Politics at the crossroads of past and present
“Hard political reality,” Farooq Abdullah had said of his decision to sign an accord with the Congress in 1986, against his own instinctive judgment.
On Tuesday, as his son stood shoulder-to-shoulder with former Jammu and Kashmir Chief Minister Ghulam Nabi Azad to announce the formation of a new National Conference-Congress alliance, it is certain that Dr. Abdullah would have recalled that moment.
December’s National Conference-Congress alliance could demonstrate that history repeats itself: the last alliance between the two parties ended in a rigged election which prepared the ground for jihadists who had for decades been working to legitimise their war against
But it could also offer unique opportunity to erase the bitter legacy of the past, not the least because
Ever since the falling-apart of Prime Minister Jawaharlal Nehru and Sheikh Mohammad Abdullah in 1953, relations between the Congress and the National Conference had been fraught. The National Conference represented the distinctness of Kashmiri identity; on occasion, it used communal ideas and themes to reach out to its audience. The Congress, in turn, saw itself as the sole credible defender of
Both the Congress and National Conference fought the 1983 elections on communal lines. In alliance with Mirwaiz Mohammad Farooq — father of the All-Parties Hurriyat Conference chairman, Umar Farooq — Dr. Abdullah gave his campaign an expressly Islamic colour. In one pamphlet, the National Conference equated the Congress with Maharaja Hari Singh, who had “enslaved the Kashmiris.” Prime Minister Indira Gandhi used identical tactics to push forward the Congress’ pursuit of power. She campaigned against the Resettlement Act, which would have allowed Muslim Partition refugees to return to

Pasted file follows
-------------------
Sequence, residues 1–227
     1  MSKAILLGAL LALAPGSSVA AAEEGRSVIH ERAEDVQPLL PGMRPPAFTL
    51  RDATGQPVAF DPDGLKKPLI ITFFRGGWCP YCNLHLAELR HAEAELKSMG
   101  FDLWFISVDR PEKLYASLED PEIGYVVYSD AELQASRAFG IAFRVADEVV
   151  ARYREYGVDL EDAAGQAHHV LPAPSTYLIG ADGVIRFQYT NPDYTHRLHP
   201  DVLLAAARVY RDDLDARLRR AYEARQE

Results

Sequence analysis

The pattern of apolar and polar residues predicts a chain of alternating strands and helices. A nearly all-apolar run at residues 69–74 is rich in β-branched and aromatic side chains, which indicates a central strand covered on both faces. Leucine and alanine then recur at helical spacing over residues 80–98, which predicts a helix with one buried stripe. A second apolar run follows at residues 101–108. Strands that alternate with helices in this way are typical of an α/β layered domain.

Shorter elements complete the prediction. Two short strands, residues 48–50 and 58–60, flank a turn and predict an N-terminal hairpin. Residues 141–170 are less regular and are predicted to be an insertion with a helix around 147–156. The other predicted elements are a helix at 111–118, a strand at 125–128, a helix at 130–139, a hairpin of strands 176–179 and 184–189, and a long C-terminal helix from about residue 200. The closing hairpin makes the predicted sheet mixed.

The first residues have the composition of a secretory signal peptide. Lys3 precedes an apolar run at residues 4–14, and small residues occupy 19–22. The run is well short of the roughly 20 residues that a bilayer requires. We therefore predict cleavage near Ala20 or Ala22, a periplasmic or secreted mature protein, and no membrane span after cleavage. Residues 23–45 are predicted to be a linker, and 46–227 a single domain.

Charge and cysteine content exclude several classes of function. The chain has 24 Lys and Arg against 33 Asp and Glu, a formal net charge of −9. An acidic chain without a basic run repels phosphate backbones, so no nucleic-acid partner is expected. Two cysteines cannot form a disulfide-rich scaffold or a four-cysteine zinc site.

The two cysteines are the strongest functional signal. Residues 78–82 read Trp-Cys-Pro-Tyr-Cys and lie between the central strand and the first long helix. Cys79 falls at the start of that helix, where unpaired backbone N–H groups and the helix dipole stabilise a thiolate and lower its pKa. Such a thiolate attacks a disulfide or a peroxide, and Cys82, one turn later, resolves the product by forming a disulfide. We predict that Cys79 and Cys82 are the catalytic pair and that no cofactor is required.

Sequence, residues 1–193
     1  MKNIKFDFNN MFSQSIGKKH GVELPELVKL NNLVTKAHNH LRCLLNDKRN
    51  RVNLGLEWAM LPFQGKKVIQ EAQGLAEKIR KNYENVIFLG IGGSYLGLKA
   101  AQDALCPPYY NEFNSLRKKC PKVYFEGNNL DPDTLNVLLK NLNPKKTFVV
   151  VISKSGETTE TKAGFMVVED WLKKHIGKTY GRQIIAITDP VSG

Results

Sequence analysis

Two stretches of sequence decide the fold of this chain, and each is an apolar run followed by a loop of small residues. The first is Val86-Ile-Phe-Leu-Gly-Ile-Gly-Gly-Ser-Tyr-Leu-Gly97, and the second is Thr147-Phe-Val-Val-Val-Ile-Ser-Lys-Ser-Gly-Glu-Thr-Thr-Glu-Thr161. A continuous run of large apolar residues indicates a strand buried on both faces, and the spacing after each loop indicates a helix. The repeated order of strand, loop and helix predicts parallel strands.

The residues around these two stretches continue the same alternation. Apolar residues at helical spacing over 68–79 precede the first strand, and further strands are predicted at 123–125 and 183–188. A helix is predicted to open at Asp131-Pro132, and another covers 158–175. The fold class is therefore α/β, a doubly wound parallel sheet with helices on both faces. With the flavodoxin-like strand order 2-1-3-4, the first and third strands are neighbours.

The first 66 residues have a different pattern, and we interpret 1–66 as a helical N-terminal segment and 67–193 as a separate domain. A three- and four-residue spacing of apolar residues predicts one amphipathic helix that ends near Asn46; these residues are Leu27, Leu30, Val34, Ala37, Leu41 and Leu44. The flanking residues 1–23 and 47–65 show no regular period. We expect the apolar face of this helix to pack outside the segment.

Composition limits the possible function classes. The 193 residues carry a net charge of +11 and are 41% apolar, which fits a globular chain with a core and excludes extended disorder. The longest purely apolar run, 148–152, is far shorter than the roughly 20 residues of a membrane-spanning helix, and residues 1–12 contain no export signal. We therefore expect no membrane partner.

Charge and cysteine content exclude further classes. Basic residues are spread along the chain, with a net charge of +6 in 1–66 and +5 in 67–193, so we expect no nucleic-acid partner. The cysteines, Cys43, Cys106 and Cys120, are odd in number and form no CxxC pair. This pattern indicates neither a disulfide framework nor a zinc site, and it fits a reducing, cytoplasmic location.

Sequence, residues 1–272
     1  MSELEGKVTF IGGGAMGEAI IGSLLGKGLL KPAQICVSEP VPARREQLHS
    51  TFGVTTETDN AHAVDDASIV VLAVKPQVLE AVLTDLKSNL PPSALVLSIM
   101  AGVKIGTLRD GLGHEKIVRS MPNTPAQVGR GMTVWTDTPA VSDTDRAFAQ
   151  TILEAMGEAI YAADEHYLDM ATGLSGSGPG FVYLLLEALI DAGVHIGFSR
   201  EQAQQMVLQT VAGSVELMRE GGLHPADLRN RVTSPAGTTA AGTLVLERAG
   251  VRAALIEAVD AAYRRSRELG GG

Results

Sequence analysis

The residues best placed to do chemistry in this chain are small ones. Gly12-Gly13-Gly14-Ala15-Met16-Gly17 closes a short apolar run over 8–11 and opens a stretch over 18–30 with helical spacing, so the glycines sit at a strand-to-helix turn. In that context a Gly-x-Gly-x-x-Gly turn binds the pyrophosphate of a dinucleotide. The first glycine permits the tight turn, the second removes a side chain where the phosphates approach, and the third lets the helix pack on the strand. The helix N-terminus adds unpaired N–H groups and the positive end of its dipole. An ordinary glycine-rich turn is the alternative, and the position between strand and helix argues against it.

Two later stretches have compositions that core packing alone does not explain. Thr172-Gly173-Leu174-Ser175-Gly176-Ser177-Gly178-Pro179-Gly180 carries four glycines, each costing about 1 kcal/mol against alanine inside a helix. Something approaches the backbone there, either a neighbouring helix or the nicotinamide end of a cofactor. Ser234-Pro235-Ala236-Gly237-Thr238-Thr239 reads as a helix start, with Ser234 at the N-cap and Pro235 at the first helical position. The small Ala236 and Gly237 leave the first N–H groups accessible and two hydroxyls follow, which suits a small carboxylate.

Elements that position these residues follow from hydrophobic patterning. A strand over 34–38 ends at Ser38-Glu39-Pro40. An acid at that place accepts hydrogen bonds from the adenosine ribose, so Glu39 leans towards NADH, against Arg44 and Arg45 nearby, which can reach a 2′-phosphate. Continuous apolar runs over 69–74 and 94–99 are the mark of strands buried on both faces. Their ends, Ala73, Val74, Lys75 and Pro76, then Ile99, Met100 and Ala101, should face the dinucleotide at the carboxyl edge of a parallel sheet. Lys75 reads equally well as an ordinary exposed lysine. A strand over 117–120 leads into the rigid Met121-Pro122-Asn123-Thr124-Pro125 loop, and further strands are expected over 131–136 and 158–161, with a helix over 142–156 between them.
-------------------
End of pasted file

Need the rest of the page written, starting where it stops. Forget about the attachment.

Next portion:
Inflammatory tactics paid off: the National Conference won 46 seats, all in Muslim-majority constituencies, while the Congress picked up 23. However, the Congress continued on with a campaign designed to annihilate Abdullah. His alliance with Mirwaiz Farooq — who was, ironically enough, to die at the hands of the Hizb-ul-Mujahideen assassin —was characterised as anti-national. Sikh religious camps held in
“I am not worried about democratic norms”, Indira Gandhi was reported to have said to a confidante, “I am not going to kiss
But Dr. Abdullah’s decision, as the scholar Navnita Chadha Behera has argued, vacated the opposition to the religious right. His actions allowed the birth of the Muslim United Front — a coalition spearheaded by the Jamaat-e-Islami, whose most visible face then, as now, was
In the 1987 elections, a panicked National Conference-Congress alliance unleashed large-scale rigging: rigging most experts concur served only to legitimise jihadists who characterised
Three major strategic challenges lie ahead for the new alliance government in
First, and perhaps most important, is the deteriorating regional strategic environment means the state government cannot take peace, the keystone of the political process which brought it to power, for granted.
Eight years ago, the Jaish-e-Mohammad attacked Parliament House in
But ever since January, there have been signs that
Second, the new government will have to find means to rein in
While the PDP’s affiliation with the Jamaat-e-Islami was a positive development for the long-term re-institutionalisation of democracy in
PDP politicians chose not to confront the Islamists. Instead, the party lurched into a cycle of competitive chauvinism, in an effort to appropriate the Islamists’ causes and use state power to realise them. Hindu fundamentalists in